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TedStriker3/24/2010 3:49:59 pm PDT

re: #632 freetoken

Couldn’t find the theme music to I Spy. The composer is listed as Earle Hagen, who is noted for some well known theme pieces.

Damn, he scored tons of classic shows and movies…from his Wiki page:

Born in Chicago, Illinois, as a boy he moved with his family to Los Angeles, California, where he learned to play the trombone in junior high school, and graduated from Hollywood High School. He left home to join traveling big bands, at age 16, and played with Tommy Dorsey, Benny Goodman and Ray Noble. While with Noble he wrote “Harlem Nocturne”,[citation needed] on the road in 1939, as a tribute to Duke Ellington and Johnny Hodges.[1][3] The piece was recorded by several artists, including Earl Bostic, The Viscounts, Sam Taylor, Herbie Fields, Randy Brooks, and The Lounge Lizards, and was later used as the theme to television’s Mickey Spillane’s Mike Hammer.

In order to make extra money he began teaching trombone in the 1930s. He went to work for CBS in 1940, as a staff musician, but then enlisted in the military in 1941. Hagen was an orchestrator and arranger for motion picture studio 20th Century Fox in 1940s and early 1950s, and worked on films like Call Me Madam, Gentlemen Prefer Blondes and Carousel. He began writing for television when he left Fox in 1952 with partner Herbert W. Spencer. Hagen met television show producer Sheldon Leonard when he scored the Danny Thomas series Make Room for Daddy.[1][3]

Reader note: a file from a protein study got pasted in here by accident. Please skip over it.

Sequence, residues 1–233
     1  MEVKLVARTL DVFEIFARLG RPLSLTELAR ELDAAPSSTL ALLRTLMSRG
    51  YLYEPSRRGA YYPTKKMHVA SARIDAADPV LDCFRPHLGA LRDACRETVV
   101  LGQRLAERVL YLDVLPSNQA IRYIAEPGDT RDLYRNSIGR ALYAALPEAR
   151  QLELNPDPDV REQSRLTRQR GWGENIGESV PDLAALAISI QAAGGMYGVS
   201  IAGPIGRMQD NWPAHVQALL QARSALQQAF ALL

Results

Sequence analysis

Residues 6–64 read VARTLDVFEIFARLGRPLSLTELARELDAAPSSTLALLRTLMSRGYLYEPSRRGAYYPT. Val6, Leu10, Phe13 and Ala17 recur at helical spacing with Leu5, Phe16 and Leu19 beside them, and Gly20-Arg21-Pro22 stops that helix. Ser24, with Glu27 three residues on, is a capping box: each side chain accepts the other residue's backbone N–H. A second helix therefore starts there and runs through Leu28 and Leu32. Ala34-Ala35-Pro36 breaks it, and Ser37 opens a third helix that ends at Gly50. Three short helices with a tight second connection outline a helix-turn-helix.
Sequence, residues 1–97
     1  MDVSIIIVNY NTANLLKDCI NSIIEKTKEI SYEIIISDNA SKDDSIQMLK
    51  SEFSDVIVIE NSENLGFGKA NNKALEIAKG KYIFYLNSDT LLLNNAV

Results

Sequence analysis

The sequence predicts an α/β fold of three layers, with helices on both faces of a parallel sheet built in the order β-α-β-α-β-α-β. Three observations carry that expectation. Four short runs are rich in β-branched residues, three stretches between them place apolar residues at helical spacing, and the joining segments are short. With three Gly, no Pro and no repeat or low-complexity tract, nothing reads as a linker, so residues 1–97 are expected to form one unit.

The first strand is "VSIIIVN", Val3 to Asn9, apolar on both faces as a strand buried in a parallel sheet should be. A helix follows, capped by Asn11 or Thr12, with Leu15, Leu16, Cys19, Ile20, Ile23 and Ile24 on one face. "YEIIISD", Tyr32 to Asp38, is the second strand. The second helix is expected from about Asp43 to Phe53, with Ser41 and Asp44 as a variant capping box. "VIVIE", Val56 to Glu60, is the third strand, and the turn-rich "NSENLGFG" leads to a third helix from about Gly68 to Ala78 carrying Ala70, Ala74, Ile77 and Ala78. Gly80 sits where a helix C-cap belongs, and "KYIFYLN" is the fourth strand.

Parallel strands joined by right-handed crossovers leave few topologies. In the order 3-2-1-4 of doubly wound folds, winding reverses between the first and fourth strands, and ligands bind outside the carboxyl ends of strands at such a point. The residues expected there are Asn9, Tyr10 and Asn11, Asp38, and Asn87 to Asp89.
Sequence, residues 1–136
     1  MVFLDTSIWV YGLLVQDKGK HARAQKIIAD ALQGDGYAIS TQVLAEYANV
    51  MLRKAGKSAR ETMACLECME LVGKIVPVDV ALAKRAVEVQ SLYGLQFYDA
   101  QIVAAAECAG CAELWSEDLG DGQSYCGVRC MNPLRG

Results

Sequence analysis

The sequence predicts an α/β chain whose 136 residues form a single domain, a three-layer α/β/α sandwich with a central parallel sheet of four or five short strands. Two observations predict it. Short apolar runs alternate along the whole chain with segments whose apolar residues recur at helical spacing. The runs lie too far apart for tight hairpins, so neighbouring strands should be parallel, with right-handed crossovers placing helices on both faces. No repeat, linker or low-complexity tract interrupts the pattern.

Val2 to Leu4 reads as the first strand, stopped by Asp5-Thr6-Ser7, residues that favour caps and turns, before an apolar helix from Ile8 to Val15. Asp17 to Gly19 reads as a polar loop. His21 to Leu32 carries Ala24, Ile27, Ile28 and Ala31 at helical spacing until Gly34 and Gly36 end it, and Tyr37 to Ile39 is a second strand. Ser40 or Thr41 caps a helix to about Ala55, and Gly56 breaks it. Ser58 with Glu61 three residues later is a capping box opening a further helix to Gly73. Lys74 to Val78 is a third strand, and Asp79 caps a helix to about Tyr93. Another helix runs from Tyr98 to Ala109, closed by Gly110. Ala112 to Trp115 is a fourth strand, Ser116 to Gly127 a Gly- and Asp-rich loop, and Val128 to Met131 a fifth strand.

Hagen’s most ambitious body of work, however, came from his work on I Spy, for which he won an Emmy in 1968. Sheldon Leonard, the producer and creator of I Spy, bucked the trend of using canned music for television shows and instead decided to create original soundtracks for every episode. Since every episode of I Spy was set in a different location, Hagen made liberal use of world music in his soundtracks which were mostly written and performed within the West coast jazz genre. (Hagen did not claim the West coast jazz affiliation for himself, instead inventing the term “semi-jazz”, which he defined as a union of global themes with American jazz.)

Other television theme songs that Hagen composed were the themes for My Sister Eileen, The Dick Van Dyke Show, Gomer Pyle - USMC, That Girl (along with I Spy Thomas and Leonard productions), Eight Is Enough, and The Mod Squad.[1][4]

At the end of his life he continued teaching and wrote books on music arranging and scoring. Sometimes his only fee was a box of golf balls because of his passion for golfing.[1] He wrote one of the first textbooks on scoring, Scoring for Films: A Complete Text, and Memoirs of a Famous Composer Nobody Ever Heard Of was his autobiography published in 2000.[3] One of his students was fellow Emmy-winning composer and orchestrator Harvey Cohen.[5]

He was married for fifty-nine years to Elouise “Lou” Sidwell, a former big-band singer, until her death in 2002. He then married his second wife, Laura, in 2005.[1]

Hagen died of natural causes in Rancho Mirage.[1]